OpenAI has confirmed that it’s working on its next-generation AI model, GPT 5, months after announcing otherwise. During an interview with the Financial Times, OpenAI CEO Sam Altman confirmed that GPT 5 is underway and is going to be more sophisticated than its predecessors, though it will require an additional investment from its partner Microsoft.
This is because large-scale AI models, especially the ones as significant as ChatGPT, require billions of dollars and a staggering amount of computing power to make. GPT 5 is no doubt also going to require billions or trillions of pages of data and extensive fine-tuning and safety testing.
Furthermore, training this massive AI model will need an overwhelming amount of data. The executive said that this data would come from publicly available data sets on the internet as well as proprietary data from companies.
The report from Financial Times revealed that OpenAI has been in touch with large-scale organizations lately to acquire data sets that “are not already accessible online to the public today.” This data will particularly focus on long-form writing or conversations in any format.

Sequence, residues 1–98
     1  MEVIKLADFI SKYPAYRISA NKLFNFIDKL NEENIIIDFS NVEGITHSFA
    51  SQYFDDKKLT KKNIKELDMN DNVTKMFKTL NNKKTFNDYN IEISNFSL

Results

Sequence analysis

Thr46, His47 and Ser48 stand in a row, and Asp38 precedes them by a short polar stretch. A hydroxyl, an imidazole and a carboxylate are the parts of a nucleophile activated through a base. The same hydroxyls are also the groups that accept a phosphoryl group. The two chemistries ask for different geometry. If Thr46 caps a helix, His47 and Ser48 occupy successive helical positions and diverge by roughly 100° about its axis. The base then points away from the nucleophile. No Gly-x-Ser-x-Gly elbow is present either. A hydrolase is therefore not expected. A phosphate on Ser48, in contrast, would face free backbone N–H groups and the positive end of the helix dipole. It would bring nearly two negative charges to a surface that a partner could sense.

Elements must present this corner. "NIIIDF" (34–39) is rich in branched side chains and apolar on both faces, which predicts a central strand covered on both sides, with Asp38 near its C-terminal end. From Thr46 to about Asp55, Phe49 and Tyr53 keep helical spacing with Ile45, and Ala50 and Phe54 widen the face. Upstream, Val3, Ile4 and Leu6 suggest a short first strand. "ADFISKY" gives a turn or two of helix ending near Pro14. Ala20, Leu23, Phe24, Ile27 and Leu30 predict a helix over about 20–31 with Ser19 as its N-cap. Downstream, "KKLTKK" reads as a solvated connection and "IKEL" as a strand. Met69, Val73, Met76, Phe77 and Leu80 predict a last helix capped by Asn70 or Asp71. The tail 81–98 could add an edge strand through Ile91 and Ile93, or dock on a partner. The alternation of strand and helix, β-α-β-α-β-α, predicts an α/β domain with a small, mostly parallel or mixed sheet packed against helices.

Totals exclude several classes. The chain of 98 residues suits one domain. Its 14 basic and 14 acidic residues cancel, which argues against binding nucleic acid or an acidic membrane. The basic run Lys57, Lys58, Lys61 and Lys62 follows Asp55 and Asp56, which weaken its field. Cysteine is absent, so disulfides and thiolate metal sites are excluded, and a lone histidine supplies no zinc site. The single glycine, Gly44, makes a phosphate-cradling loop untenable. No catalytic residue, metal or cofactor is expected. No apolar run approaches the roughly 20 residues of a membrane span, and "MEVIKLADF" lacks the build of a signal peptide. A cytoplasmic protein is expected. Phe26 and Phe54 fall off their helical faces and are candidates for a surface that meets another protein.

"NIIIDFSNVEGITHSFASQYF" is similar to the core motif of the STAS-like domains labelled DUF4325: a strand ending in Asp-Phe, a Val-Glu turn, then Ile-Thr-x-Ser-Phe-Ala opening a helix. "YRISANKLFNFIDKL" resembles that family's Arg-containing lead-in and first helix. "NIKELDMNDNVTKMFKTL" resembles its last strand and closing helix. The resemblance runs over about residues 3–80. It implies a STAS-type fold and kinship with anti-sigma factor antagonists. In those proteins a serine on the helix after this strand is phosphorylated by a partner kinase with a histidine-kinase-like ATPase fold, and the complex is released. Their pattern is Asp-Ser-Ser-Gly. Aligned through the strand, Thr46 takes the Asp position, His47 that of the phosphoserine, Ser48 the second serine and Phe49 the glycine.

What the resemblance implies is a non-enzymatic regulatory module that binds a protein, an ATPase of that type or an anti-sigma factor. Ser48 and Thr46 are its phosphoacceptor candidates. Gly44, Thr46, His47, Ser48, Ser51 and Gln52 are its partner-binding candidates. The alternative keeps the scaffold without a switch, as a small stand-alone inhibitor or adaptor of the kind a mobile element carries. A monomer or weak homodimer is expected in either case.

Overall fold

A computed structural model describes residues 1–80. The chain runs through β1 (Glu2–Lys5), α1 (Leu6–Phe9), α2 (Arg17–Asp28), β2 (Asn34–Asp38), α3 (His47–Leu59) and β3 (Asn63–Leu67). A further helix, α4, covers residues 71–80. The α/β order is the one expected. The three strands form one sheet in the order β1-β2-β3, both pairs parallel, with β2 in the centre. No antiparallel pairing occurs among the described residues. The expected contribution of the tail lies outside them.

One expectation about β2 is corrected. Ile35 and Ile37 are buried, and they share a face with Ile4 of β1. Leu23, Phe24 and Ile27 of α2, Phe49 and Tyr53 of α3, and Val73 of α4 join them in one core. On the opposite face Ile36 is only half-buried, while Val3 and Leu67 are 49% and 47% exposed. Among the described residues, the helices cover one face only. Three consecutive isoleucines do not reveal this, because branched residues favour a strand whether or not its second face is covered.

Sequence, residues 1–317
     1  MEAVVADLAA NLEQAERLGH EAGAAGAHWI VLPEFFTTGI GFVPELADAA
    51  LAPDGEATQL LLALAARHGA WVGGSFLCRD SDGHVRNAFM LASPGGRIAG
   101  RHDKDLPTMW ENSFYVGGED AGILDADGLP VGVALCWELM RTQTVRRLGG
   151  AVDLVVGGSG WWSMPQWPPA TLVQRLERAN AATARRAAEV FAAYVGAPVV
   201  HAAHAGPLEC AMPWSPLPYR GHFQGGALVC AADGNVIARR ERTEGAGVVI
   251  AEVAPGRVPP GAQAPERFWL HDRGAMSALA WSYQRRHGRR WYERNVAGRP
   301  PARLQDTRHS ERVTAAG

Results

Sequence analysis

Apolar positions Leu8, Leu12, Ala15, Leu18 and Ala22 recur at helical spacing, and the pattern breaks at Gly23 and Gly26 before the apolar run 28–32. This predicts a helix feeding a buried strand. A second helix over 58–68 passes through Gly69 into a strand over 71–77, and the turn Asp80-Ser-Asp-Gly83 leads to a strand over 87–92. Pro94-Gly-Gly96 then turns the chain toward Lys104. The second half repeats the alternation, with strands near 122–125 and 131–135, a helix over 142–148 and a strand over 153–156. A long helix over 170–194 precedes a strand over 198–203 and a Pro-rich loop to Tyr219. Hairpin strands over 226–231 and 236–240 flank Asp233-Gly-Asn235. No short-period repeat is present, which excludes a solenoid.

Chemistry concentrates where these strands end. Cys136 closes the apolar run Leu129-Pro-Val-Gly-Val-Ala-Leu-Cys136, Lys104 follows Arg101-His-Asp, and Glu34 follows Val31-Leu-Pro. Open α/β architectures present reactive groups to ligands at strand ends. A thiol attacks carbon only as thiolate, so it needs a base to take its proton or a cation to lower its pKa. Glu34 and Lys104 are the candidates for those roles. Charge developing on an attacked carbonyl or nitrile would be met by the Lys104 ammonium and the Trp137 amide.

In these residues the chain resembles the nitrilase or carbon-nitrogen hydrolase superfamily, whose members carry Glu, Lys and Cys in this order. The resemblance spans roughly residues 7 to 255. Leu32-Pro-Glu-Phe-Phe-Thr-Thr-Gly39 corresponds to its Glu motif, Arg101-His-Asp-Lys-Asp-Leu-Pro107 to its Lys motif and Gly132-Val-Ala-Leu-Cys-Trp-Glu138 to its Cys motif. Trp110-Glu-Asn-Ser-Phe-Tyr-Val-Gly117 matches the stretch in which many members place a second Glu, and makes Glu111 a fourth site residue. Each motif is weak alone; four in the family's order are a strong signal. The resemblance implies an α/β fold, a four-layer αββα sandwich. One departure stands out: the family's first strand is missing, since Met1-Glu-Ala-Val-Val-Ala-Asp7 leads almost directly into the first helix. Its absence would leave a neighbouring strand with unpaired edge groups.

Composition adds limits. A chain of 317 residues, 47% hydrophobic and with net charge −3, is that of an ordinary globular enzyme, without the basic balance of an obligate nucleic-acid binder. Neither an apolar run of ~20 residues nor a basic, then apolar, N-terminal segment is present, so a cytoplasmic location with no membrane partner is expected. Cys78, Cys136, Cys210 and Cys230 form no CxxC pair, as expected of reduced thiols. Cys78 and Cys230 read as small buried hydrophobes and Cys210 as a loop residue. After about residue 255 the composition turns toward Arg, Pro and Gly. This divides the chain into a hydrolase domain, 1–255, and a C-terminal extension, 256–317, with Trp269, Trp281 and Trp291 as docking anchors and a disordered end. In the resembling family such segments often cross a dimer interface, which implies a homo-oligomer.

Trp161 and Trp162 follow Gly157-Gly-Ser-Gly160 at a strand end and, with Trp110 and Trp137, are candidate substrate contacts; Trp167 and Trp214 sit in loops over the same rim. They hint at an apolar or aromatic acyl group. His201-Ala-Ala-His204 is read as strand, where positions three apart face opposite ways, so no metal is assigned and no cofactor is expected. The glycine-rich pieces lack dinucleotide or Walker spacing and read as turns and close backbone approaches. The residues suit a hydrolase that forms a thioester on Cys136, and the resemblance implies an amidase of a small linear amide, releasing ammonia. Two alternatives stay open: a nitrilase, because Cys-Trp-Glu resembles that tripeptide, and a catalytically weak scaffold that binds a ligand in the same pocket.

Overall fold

While we can expect GPT 5 to be far more capable than previous models, Altman says that it’s hard to tell how powerful it is going to be for the time being. He also did not reveal a timeframe for GPT 5’s release. However, last week during OpenAI’s DevDay announcement, the CEO said that this year’s announcements would look ‘quaint’ compared to next year, meaning we can probably expect to hear more in 2025.
Still, it is worth mentioning that training AI models at this scale takes time and public availability will likely have to wait longer than that. By that time, rivals including Google and Meta predictably will also release their competing AI models.
While talking about OpenAI’s partnership with Microsoft, Altman said that it’s going really well and he expects it to raise more money in the future along with other investors. He told FT: “Microsoft has shifted its entire business model around the use of AI, embedding its Copilot system — built on top of GPT-4 — into Windows, Microsoft 365, and other products.”